A deep healing retreat takes this concept and kicks it up a few notches. Its purpose is to go after accumulations of issues or longstanding problems that require more focus and time to heal than just an hour here or there, but if left untended could develop into chronic or irreversible ailments.
That could be the ache in my shoulder, which used to go away after my monthly bodywork session, but now persists. It could also be a physical symptom with an emotional component, like mounting dissatisfaction with my life circumstances accompanied by increasing fatigue or aches in certain parts of my body.
It could be the old neck injury from that car accident years ago acting up, causing constant stiffness and pain, as well as quiet desperation and a feeling of hopelessness.
Whatever it may be, when the signals of body or soul keep getting louder, it may be high time to stop carrying on as usual, and listen.
Healing retreats are by no means a new concept, but have been around in one form or another since ancient times. Most cultures are familiar with healing pilgrimages to sacred places of power. Often these journeys combine elements of a vision quest with the search for healing from an ailment deemed incurable by regular standards. Healing pilgrimages always imply a change in physical location. Healing retreats can be done with or without much external travel, but often have a certain aspect of inward journeying, of getting in touch with our innermost being, while unplugging from our day-to-day world. The unplugging creates space and time to zero in on a specific goal or issue without distraction.
A healing retreat can be something as down to earth as spending time in a rehab center after knee surgery. It could also mean a self-designed period of time with a clearly defined purpose dedicated to healing and renewal.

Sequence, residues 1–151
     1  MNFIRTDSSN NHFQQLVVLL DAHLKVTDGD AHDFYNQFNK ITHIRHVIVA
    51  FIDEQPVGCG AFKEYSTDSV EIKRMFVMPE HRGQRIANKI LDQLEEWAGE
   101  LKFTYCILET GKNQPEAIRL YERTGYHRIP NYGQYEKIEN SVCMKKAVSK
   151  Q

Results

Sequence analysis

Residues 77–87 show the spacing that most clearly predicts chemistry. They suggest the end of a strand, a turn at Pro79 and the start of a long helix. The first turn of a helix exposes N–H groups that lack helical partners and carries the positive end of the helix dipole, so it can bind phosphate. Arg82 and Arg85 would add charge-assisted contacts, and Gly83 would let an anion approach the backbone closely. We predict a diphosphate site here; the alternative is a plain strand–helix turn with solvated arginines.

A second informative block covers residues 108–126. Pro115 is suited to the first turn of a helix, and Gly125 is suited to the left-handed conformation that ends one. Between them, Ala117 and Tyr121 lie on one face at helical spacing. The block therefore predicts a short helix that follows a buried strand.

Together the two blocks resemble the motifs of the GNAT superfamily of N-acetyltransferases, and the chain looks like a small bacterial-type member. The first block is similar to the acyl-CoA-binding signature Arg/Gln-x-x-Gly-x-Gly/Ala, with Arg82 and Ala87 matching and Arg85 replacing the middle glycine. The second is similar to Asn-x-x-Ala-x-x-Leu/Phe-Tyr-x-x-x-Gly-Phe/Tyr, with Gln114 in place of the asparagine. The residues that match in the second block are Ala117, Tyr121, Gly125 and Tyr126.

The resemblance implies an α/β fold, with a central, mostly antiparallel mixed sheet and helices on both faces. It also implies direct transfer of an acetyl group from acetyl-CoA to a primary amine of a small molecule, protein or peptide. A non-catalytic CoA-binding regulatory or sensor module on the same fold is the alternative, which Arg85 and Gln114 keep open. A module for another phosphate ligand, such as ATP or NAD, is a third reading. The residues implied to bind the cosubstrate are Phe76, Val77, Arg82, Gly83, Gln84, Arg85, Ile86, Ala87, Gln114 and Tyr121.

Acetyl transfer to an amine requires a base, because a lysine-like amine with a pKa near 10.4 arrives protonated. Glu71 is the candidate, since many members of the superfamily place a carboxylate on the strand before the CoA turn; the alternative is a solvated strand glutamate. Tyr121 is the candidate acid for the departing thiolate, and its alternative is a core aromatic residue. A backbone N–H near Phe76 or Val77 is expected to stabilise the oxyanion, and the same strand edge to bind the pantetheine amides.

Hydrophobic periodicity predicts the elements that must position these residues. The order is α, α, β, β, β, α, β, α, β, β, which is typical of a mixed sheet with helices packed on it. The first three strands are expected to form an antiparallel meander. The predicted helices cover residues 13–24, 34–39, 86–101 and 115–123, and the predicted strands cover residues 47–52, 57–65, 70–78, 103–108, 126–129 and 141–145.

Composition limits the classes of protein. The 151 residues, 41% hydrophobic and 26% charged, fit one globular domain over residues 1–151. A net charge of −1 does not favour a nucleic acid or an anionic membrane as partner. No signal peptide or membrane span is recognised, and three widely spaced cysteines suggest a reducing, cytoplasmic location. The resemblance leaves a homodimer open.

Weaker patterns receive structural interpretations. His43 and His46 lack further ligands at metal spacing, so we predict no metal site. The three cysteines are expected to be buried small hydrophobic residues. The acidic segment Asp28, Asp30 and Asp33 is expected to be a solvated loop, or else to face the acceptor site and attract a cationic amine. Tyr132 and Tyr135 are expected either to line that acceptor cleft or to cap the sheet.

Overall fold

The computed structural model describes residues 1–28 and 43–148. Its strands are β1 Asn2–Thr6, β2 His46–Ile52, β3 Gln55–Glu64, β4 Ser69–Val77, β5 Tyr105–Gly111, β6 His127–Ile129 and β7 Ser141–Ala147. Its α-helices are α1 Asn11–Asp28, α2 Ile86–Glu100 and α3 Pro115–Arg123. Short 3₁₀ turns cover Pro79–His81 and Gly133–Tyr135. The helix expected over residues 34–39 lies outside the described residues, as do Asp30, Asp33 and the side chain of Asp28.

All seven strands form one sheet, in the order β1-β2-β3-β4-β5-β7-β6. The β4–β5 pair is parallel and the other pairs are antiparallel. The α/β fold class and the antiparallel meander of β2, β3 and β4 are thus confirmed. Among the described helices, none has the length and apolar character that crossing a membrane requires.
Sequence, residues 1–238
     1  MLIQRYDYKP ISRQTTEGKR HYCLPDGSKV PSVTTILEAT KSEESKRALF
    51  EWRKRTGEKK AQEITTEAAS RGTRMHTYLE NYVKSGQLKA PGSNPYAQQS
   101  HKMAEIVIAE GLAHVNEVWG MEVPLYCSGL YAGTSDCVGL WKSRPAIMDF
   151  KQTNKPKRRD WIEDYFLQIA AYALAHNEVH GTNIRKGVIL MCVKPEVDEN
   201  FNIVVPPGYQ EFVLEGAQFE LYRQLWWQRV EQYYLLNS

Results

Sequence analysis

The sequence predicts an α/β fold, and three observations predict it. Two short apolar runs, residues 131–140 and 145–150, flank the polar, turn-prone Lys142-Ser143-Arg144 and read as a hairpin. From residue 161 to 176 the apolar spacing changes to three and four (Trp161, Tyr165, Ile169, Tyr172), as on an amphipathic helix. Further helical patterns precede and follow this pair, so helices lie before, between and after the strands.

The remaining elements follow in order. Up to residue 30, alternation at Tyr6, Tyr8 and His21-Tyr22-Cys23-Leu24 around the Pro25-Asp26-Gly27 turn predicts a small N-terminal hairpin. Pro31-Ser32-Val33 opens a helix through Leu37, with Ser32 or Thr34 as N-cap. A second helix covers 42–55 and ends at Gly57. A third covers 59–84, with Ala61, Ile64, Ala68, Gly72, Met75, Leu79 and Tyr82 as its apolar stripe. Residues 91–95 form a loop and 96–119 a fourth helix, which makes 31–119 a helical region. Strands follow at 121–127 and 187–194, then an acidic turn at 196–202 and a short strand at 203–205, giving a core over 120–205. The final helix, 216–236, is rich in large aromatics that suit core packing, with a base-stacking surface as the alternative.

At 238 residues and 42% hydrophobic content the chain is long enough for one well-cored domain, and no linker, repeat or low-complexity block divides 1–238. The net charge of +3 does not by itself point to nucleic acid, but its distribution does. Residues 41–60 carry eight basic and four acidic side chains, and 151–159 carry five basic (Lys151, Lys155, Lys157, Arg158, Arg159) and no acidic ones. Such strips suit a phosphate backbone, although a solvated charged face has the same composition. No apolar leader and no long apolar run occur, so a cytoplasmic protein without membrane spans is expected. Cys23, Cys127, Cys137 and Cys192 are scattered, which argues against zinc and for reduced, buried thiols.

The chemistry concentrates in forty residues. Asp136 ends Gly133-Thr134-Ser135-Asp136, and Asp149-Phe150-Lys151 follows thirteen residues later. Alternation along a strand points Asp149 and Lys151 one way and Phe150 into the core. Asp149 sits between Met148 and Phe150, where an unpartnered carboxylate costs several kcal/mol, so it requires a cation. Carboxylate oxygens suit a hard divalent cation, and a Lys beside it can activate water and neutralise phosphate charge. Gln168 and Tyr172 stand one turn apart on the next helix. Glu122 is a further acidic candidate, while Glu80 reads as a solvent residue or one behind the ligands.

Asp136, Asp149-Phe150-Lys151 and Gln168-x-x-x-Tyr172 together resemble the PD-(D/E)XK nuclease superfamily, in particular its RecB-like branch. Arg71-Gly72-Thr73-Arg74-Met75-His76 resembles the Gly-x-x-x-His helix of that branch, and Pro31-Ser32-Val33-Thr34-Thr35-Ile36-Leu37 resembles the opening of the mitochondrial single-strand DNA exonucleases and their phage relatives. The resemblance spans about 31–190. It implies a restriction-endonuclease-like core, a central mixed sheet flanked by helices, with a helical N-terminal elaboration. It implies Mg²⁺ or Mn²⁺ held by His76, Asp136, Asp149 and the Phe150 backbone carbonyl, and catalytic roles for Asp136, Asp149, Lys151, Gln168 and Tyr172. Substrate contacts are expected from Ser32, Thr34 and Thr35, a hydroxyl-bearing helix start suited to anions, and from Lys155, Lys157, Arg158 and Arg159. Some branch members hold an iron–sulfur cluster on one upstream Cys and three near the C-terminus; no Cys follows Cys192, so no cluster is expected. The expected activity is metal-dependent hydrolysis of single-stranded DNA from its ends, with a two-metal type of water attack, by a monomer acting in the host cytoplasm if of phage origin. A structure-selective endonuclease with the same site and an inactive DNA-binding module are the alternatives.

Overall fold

I remember my mother’s ongoing issues with (sometimes severe) back pain. She was a teacher in Europe, and periodically got a prescription for intensive physical rehab. The locations varied, but always included access to thermal hot springs combined with physical therapy, targeted therapeutic massage, and other beneficial treatments. Ah, the good old days! Imagine feeling like you are worthy of that level of care as a contributing member of society. She always came back glowing, refreshed, inspired, and ready to get back to work and tackle life again. My siblings and I benefitted from that too, as did, no doubt, her students.
So how can mere mortals nowadays go on a healing retreat and pay for it all by themselves? We need to get creative. Here are a couple of options I came up with in the past: The smaller version was a five-day retreat at home, where I added two days before and after an existing free day to minimize expenses and unpaid time off. After determining my treatment goal and focus I scheduled therapy sessions on the second and fourth day of that time, shopped for groceries beforehand and made sure I was caught up on necessary chores. Each day of my retreat I spent some time in nature, ate wholesome meals, included quiet and contemplative time, and read inspiring literature. The activities could vary depending on personal preference. The point is to choose some that truly feed your body, spirit and soul in a positive way, and enhance the outcome of the retreat.
A bigger version of the above, taking five days off between two weekends can make for a total of nine days of retreat. Wow! The third, fifth and seventh days could be treatment days. It may even be possible to take advantage of special offers for bundled treatments. With two days on either end, travel could be an option, to unplug even more from day-to-day life.
These are just examples to inspire your creativity. The sky is the limit here. With a prescription for physical therapy I could start a new habit of incorporating beneficial exercises into my days, and receive complementary treatments on the days between therapy sessions. Those could include bodywork, counseling, or lifestyle coaching, depending on the issues at hand. I could also time my retreat to take advantage of an art, music or movement class offered.
Feeding body and soul doesn’t have to be expensive. The best time to start is now.
Ata Susanne Morse has been providing therapeutic massage and bodywork in Moab since 2009. She can be reached by phone or text at 435-260-2874 and via e-mail at firstname.lastname@example.org